- The Washington Times - Wednesday, February 27, 2008

Members of Congress have asked the Department of Justice to investigate whether former star pitcher Roger Clemens committed perjury during recent testimony relating to the use of performance enhancing drugs in baseball.

A letter to Attorney General Michael Mukasey requests that the DOJ explore whether Clemens knowingly lied when he stated that he had never taken steroids or other performance enhancing drugs, a statement contradicted by his former trainer, Brian McNamee.

The letter was written by Rep. Henry Waxman, California Democrat and chairman of the House Committee on Oversight and Government Reform, and Rep. Tom Davis, Virginia Republican and the committee’s ranking minority leader. Both Clemens and McNamee spoke to committee members and testified about the issue at a committee hearing earlier this month.

“We believe that [Clemens] statement and sworn deposition on February 5, 2008 and at a hearing on February 13 , 2008 that he never used anabolic steroids or human growth hormone, warrants further investigation,” the letter stated. “That testimony is directly contradicted by the sworn testimony of Brian McNamee, who testified that he personally injected Mr. Clemens with anabolic steroids and human growth hormone.”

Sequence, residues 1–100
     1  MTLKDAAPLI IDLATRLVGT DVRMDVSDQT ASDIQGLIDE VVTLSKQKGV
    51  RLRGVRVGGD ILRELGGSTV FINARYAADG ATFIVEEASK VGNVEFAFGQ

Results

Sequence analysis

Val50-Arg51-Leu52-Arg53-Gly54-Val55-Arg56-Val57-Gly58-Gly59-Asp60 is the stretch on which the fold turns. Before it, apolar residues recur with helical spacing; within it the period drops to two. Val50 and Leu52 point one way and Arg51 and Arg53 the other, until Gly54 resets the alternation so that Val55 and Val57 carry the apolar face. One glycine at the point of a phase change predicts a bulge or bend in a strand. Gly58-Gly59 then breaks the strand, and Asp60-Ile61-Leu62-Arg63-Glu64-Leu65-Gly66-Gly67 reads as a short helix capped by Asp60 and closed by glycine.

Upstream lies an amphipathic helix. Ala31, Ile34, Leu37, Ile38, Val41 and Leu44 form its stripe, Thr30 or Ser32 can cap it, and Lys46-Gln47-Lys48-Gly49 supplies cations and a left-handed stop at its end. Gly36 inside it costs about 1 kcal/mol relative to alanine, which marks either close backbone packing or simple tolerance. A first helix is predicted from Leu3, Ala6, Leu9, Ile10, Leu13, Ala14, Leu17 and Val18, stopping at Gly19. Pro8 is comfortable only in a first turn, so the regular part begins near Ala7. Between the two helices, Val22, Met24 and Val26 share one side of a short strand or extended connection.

Congress sought to question both Clemens and McNamee after a report from former Sen. George Mitchell that alleged the widespread use of steroids and human growth hormone in baseball. In the report, McNamee claimed he had injected Clemens with HGH several times while the pitcher was a member of the Toronto Blue Jays. Clemens has adamantly denied cheating, and claimed McNamee only injected him with Vitamin B12 and lidocaine.

McNamee reiterated his story before the committee, while Clemens continued to deny it. But the committee also spoke with Clemens’ former teammate, New York Yankees pitcher Andy Pettite, who recalled a conversation in 1999 or 2000 in which Clemens told him he used HGH.

Video: Congress asks Feds to investigate Clemens

“Mr. Clemens’s testimony is also contradicted by the sworn deposition testimony and affidavit submitted to the Committee by Andrew Pettitte, a former teammate of Mr. Clemens, whose testimony and affidavit reported that Mr. Clemens had admitted to him in 1999 or 2000 that he had taken human growth hormone,” the letter stated.

The committee has also asked DOJ to look into whether Clemens lied when he said he was not at a party at Jose Canseco’s house in 1998, and whether Clemens had been given notice that former Sen. Mitchell wished to speak with him during Mitchell’s investigation into steroids in baseball.

“We are not in a position to reach a definitive judgement as to whether Mr. Clemens lied to the Committee,” the letter reads. “Our only conclusion is that significant questions have been raised about Mr. Clemens’ truthfulness and that further investigation by the Department of Justice is warranted.”

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